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Forkbit tool for antique Brunswick rails.
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Pooldoctor
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Forkbit tool for antique Brunswick rails. - 05-30-2012, 08:24 AM

When using a forkbit tool to tighten railbolts what's the best tool to use to turn the bit . Crescent wrench, vise-grip pliers, or other options. Thanks for any advice.
  
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05-30-2012, 08:39 AM

I stuck mine in a deep well socket and then melted some wax into it to give it a tighter hold and fill in the voids. Then I just attach it to my ratchet like any other socket and it works great!
  
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05-30-2012, 09:00 AM

If I remember correctly (had an old Brunswick 30 some years ago) I used my auger hand drill. I believe they were made to fit those.
  
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05-30-2012, 10:18 AM

The bit is called a "spanner wrench" bit and if yours is like mine it is designed to fit in a hand crank drill called a "brace".
http://www.traditionalwoodworker.com...s.asp?dept=451


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05-30-2012, 11:34 AM

I have been using one like this for a year or so, I like it much better than the older style. I bought 2, still using the first one.

http://www.harborfreight.com/hand-to...nch-36554.html
  
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05-30-2012, 12:13 PM

Quote:
Originally Posted by tsp&b View Post
The bit is called a "spanner wrench" bit and if yours is like mine it is designed to fit in a hand crank drill called a "brace".
http://www.traditionalwoodworker.com...s.asp?dept=451
You're right. It was called a "brace" not an "auger". I still have mine and it's at least 50 years old. Haven't used it in 20 years.
  
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05-30-2012, 03:44 PM

Never had a problem snugging t-bolts by hand.
I use a ratcheting combo wrench to tighten..
An open end or adjustable crescent works fine too.

  
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05-30-2012, 06:39 PM

Quote:
Originally Posted by ArizonaPete View Post
You're right. It was called a "brace" not an "auger". I still have mine and it's at least 50 years old. Haven't used it in 20 years.
I used mine about a week ago.


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05-31-2012, 02:59 PM

try out a simple long nose plier .no adjustments, goes deeper in the fork holes ,lot more torque,always have one around...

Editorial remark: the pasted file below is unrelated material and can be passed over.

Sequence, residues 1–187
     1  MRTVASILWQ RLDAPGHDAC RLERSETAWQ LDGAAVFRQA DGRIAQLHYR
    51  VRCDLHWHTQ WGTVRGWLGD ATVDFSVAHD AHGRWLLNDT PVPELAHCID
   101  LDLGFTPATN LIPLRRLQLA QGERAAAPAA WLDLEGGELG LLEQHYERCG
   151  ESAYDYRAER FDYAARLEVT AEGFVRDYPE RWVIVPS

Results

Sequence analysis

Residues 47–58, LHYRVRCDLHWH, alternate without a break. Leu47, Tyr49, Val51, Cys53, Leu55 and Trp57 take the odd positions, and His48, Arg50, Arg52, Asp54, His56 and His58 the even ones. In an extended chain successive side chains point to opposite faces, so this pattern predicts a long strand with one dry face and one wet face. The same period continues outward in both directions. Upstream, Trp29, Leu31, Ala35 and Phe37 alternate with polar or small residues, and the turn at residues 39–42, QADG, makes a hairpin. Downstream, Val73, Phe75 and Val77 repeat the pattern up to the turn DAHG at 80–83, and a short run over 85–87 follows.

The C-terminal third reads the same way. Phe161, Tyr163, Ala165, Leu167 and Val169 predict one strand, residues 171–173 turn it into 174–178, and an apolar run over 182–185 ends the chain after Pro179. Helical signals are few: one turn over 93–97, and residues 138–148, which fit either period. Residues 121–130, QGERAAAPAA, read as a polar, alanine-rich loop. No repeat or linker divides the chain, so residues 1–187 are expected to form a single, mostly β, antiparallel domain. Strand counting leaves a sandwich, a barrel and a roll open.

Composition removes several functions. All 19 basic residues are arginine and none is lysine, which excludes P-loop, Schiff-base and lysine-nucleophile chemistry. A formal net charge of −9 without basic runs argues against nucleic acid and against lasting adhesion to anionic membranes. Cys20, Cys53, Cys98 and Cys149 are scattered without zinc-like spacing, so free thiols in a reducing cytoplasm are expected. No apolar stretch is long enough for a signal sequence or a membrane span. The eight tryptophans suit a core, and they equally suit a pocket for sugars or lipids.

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05-31-2012, 07:05 PM

Quote:
Originally Posted by kid View Post
try out a simple long nose plier .no adjustments, goes deeper in the fork holes ,lot more torque,always have one around...
If youwant to use needlenose pliers it's best to have a spare for when you break off a point.
Been there done that.
  
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05-31-2012, 08:57 PM

For what it's worth, if you guys use a 1/4" drill bit to clean up the bit holes on the bolts, it'll do wonders for your bit to take hold in the holes so bit won't keep slipping off when you're trying to tighten or loosen the bolts.

Glen
  
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05-31-2012, 10:14 PM

Say a guy was going to use a torque wrench on these old bolts, what would a good number be to shoot for?


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06-01-2012, 04:18 AM

I'm interested in the answer to this being a torque nerd. Maybe we can get an answer
with or without washers. Are washers recommended? Drilling the holes is a great technique.
  
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06-01-2012, 06:21 AM

Quote:
Originally Posted by 3kushn View Post
... Are washers recommended? ...
A flat and a star/lock washer for each bolt.
  
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06-01-2012, 06:31 AM

Quote:
Originally Posted by 3kushn View Post
I'm interested in the answer to this being a torque nerd. Maybe we can get an answer
with or without washers. Are washers recommended? Drilling the holes is a great technique.
15ft lbs would be enough, more than that and you're going to keep compressing the wood sub-rail, less an they'll be loose.
  
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